Table 1. Descriptive statistics of total protein, starch, TDF, phenols, and phytic acid.


Figure 1. Box and whisker plots of 121 cowpea germplasm showing the distribution of protein, starch, TDF, phenols, and phytic acid.

NIRS spectra acquisition

Combined NIRS spectra of 121 cowpea accessions in the range of 400–2,490 nm is given in Figure 2A. The bands result from overlapping absorption that corresponds to the combination and overtones of vibrational modes N–H, O–H, and C–H, found in proteins, fatty acids, and carbohydrates, respectively. The main absorption bands were observed at 1,196, 1,468, 1,736, 1,934, 2,100, 2,310, and 2,482 nm, as shown in Figure 2B. C–O and N–H stretch, found in the spectral region between 2,000 and 2,222 nm, denoting protein content (42). O–H group can also be found in 1,560–1,640 nm, which can be allocated to the O–H group associated with phytates (18). O–H stretch first overtone of hydroxyl phenol groups present in 1,430–1,470 nm, whereas O–H bending/stretching of polysaccharides was found near the peak of 1,920 nm. The third polysaccharide overtone stretched by asymmetric C–O–O stretch was found near 2,083 nm (43). Unclear peaks were observed near 2,304–2,352 nm; this wavelength characterizes fatty acids and oils; since cowpea has little number of fatty acids, the bands were unclear. Symmetric stretching (–CH) in methyl groups (–CH3) found in a wavelength of 1,200 nm causing weak absorption bands. Similar bands were found in the study of rice flour and its quality properties using NIRS (44).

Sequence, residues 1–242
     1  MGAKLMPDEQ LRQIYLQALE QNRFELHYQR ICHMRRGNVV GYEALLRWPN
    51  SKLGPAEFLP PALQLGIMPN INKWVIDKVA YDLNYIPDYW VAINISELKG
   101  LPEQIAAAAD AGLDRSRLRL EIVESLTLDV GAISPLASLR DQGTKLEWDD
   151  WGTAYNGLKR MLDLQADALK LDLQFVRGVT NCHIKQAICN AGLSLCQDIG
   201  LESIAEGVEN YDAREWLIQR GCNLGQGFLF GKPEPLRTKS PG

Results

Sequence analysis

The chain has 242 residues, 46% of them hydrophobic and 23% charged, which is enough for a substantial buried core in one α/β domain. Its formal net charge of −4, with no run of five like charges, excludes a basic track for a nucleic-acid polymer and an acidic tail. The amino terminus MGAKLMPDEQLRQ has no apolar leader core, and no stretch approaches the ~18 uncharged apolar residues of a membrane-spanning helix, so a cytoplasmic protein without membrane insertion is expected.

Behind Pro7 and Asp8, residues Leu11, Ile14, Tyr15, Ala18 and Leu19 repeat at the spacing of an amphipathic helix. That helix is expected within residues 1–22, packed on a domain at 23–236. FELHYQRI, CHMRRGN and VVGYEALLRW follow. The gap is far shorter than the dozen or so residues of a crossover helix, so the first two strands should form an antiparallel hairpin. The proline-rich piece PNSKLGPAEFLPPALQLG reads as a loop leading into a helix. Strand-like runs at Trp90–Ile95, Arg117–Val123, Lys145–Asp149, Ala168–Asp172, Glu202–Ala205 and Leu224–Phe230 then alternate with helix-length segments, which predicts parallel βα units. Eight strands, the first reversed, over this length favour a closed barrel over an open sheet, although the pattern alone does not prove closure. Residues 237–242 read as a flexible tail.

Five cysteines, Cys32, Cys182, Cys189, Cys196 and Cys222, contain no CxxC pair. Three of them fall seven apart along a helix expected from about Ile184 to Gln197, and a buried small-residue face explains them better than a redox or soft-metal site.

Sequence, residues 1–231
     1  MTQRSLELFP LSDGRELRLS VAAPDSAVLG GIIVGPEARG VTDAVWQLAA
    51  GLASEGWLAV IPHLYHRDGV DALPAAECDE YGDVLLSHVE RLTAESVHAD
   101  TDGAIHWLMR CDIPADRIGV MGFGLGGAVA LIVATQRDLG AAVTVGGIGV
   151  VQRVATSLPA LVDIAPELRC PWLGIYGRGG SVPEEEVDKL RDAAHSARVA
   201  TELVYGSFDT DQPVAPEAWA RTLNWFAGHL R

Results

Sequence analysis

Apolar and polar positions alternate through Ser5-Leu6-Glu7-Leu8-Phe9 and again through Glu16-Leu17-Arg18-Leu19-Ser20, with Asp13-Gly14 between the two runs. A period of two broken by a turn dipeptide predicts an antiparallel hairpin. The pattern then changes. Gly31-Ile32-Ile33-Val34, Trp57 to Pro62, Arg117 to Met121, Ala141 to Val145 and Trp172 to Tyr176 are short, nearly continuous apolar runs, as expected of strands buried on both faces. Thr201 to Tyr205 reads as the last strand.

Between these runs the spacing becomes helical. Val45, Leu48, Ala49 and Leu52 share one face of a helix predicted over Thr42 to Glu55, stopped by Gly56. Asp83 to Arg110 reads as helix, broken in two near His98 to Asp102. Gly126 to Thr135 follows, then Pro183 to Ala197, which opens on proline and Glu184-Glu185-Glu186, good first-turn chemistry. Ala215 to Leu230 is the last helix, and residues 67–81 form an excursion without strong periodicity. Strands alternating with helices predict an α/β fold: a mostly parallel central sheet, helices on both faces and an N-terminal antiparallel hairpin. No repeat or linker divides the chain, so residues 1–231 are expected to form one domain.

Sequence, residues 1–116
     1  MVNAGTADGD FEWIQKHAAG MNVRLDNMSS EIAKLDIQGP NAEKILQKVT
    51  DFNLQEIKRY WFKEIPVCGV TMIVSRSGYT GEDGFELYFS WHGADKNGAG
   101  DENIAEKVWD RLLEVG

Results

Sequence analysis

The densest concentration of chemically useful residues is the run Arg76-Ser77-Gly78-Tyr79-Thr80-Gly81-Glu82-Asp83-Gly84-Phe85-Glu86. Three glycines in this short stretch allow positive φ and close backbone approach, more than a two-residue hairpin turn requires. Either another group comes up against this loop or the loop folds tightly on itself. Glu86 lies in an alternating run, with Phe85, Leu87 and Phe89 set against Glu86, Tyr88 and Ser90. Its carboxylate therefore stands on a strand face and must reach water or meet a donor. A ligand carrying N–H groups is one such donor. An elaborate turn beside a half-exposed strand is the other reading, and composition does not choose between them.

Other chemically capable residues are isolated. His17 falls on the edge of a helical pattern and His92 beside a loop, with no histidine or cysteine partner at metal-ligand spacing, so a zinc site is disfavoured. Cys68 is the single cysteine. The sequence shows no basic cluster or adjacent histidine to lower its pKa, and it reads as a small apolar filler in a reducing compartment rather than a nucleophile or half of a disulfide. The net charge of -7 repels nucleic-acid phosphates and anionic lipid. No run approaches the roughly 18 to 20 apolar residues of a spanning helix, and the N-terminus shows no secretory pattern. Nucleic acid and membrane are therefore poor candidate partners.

Figure 2. (A) A combined plot of reflectance spectra of all the entire 121 cowpea germplasm. (B) An average reflectance spectrum of cowpea homogenized flour with seven absorption bands.

Calibration of NIRS model

A calibration set is generally referred to as training set providing learning and training to build the model. Regression algorithms like MPLS, PLS, and PCR can be used for model development, but as compared to the PLS algorithm, MPLS is supposed to be more stable and accurate (24) and thus was employed in the present study. Both spectra and reference composition were used in the MPLS technique for generating equations, decreasing the effect of irrelevant large spectroscopic variations. Absorption levels are generally altered due to the variation in the scattering of light and path length variation caused by intervention in sample particles and light. Linear calibration and spectral interpretation of NIR spectra becomes very complex and difficult due to the alterations (13). Spectral pre-processing was employed to diminish the multiplicative effect of particles size and scattering including scatter correction and derivatization techniques (22). SNV works by removing the mean from each spectrum, followed by dividing the value of each signal by the SD of the entire spectrum to center it around zero. Along with SNV, detrend is another approach to correct behavior shift. SNV with detrend (DT) in the present study was employed to avoid any noise in the NIRS signal baseline. Table 2 summarizes the calibration models by MPLS for protein, starch, TDF, phenols, and phytates in homogenized cowpea flour. For the development of calibration equations for various parameters, several mathematical treatments like “2,4,4,1”, “2,4,6,1”, “2,8,8,1”, and “3,4,4,1” were finalized. Our calibration equation was based on the highest 1-VR and RSQinternal, lowest SEC(V) values. Resolution of spectra can be improved by using derivatives 2 and 3, which eliminates baseline shifts and superimposed peaks. The signal-to-noise ratio in the spectral region caused due to erratic high-frequency perturbations can be improved by using gaps 4 and 8 and smoothening (S1, S2). Calibration equations were generated by removing a few outliers (<10), which occurred due to scanning or analytical errors and were removed. As given in the Table 1, RSQinternal for different traits was obtained for protein (0.800), starch (0.997), TDF (0.934), phenols (0.719) and phytates (0.985) for the given mathematical treatments “2,4,6,1”, “2,8,8,1”, “2,4,4,1”, “3,4,4,1”, and “2,8,8,1” respectively.


Table 2. Calibration statistics of 81 cowpea accessions.

Validation of the NIRS model